Joanna Goddard at A Cup of Jo has a fabulous series called: “Motherhood Around The World“, where she features parenting methods in different coutries all over the world. I thought it would be a good idea to write a similar post about parenting in the Netherlands.
I have been living in the Netherlands for more than 4 years. During this time, I found many things that surprised or shocked me about raising children in the Netherlands. Some of these them I have actually learned to enjoy. Others, I still can’t get used to. But as European parenting begins to gain some international attention, I would like to tell you a little about raising children in the Netherlands, a country that supposedly raises the world’s happiest children. If you asked me, “how do the Dutch raise their children?” here’s what I want you to know.
Maybe the one most surprising things about being pregnant or having a child in the Netherlands is the maternity system. In more naturally minded communities, the Dutch healthcare system is often shown to be a great example to follow. Midwives are a pregnant woman’s basic care providers. They work in practices of 1 – 6 midwives. Mom-to-be visits such a practice when she finds out she is pregnant. The midwives do several tests: urine and blood tests as well as measuring blood pressure and measuring the baby’s growth- only using their hands, but they also perform ultrasounds 2-4 times during a pregnancy. Dutch OBGYN’s only work in hospitals and usually care for women with high risk pregnancies. The midwives decide whether the woman can stay in their care or has to be transferred to the doctor. One of the midwives attends the birth.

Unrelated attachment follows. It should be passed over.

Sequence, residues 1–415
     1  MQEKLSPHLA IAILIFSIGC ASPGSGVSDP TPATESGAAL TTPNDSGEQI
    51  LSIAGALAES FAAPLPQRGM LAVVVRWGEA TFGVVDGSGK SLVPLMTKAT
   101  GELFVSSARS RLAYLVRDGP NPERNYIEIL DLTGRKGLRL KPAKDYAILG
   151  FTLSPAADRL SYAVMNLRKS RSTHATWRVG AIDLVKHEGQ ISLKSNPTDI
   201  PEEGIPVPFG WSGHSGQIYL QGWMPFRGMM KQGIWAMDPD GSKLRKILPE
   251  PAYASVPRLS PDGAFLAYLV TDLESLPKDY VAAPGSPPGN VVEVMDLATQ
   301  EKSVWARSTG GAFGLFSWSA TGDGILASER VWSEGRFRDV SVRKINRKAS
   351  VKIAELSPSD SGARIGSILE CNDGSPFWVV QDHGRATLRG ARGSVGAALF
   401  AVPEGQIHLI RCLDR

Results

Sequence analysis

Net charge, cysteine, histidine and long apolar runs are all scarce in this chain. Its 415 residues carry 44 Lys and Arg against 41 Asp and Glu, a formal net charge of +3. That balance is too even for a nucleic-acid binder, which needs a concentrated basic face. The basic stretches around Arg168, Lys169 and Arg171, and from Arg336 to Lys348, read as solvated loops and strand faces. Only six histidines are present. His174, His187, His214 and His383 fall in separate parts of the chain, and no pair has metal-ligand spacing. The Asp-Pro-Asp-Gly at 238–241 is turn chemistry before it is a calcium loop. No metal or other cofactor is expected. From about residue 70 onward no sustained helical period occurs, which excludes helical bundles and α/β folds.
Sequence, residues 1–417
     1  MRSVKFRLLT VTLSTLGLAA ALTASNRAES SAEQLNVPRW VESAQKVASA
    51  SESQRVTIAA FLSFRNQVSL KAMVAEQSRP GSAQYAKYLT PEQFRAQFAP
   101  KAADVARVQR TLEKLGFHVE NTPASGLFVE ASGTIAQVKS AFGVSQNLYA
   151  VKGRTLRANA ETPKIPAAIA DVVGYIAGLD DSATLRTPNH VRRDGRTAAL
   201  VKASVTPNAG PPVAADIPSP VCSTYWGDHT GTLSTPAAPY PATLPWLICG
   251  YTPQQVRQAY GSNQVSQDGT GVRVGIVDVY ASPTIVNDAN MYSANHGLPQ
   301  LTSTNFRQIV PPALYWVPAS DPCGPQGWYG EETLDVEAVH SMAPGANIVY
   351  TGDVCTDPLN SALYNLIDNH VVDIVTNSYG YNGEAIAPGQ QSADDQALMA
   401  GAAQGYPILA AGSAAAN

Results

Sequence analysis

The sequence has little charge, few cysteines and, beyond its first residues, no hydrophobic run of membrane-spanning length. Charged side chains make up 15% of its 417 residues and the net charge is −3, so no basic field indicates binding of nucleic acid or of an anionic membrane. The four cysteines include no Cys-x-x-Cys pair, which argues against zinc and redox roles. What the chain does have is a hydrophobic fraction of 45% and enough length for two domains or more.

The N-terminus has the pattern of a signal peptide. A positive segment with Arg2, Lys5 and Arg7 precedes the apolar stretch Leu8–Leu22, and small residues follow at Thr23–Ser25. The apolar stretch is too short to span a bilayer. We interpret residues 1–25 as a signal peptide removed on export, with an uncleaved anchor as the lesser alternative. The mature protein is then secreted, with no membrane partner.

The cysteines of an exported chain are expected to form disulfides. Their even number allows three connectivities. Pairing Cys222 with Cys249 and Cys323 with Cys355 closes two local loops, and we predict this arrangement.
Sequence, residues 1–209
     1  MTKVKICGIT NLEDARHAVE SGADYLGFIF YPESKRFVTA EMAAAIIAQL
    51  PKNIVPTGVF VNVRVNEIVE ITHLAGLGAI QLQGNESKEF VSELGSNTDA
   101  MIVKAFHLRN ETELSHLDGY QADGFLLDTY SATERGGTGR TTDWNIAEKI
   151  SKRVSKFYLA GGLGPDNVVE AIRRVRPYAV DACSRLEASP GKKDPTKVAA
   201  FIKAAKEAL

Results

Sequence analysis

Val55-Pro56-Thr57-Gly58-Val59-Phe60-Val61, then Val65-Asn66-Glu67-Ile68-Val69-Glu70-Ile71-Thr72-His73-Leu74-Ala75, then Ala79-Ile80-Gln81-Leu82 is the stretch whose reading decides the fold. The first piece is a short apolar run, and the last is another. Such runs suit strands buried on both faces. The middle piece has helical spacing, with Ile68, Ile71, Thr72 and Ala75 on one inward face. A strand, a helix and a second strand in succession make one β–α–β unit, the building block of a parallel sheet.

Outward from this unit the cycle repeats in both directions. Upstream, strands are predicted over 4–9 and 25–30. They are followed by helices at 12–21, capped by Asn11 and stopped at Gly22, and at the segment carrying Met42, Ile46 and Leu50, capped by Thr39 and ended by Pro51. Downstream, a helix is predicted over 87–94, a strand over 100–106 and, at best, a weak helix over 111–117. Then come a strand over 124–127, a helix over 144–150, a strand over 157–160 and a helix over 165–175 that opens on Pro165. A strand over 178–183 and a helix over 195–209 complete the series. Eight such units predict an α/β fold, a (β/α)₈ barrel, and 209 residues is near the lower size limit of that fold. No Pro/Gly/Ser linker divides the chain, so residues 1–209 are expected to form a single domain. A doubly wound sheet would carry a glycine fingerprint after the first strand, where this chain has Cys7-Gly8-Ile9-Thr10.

1) Birth and beyond
Homebirths are very popular in the Netherlands, with around 20-30% of Dutch women actually desiring to give birth at home. For a hospital birth, a room is rented for a few hours, and the woman goes back home the next day (often the same day). However, there is a special lady, called a kraamzorgster, who comes to your house for a few hours for 8 days. She checks on you and the baby, teaches you to bathe the little one, change diapers, helps with breastfeeding or formula feeding. But on top of that she also cleans the house, prepares light meals, can play with other children if needed, tells moms to rest and fights off uninvited visitors who want to see the baby. I think kraamzorgsters are angels in disguise. I may have my doubts about the maternity system here, but kraamzorgsters are real sanity-savers. I gave birth here twice, and the experience has been absolutely amazing, especially the third time around.
2) Work and Daycares
Dutch daycares, at least the ones we visited, were of good quality. There are two types of daycare: the so called kinderopvang, which is a regular daycare and is mostly used by working moms and the so called peuterspeelzaal which is more intensive and focuses on social interaction and language learning, but only lasts for 3 hours. This one is used by parents who stay at home with their children, but want them to socialize a little bit. Dutch mothers get around 16 weeks of paid maternity leave. Pregnant women can stop working 4-6 weeks before their due date. Fathers also get some time off work to be with their children. While it is mostly the moms who stay at home with their children, or work part-time, father also often contribute to raising children: they can also stay at home, or work part time. I have seen many whole families at playground on a working day- the parents probably work 4 days a week and have one day for their families. Even more surprisingly, I have once found myself at the playground surrounded by young dads! Even with recent cuts in child allowance, causing many women to stay at home, the quality of daycares remains satisfying.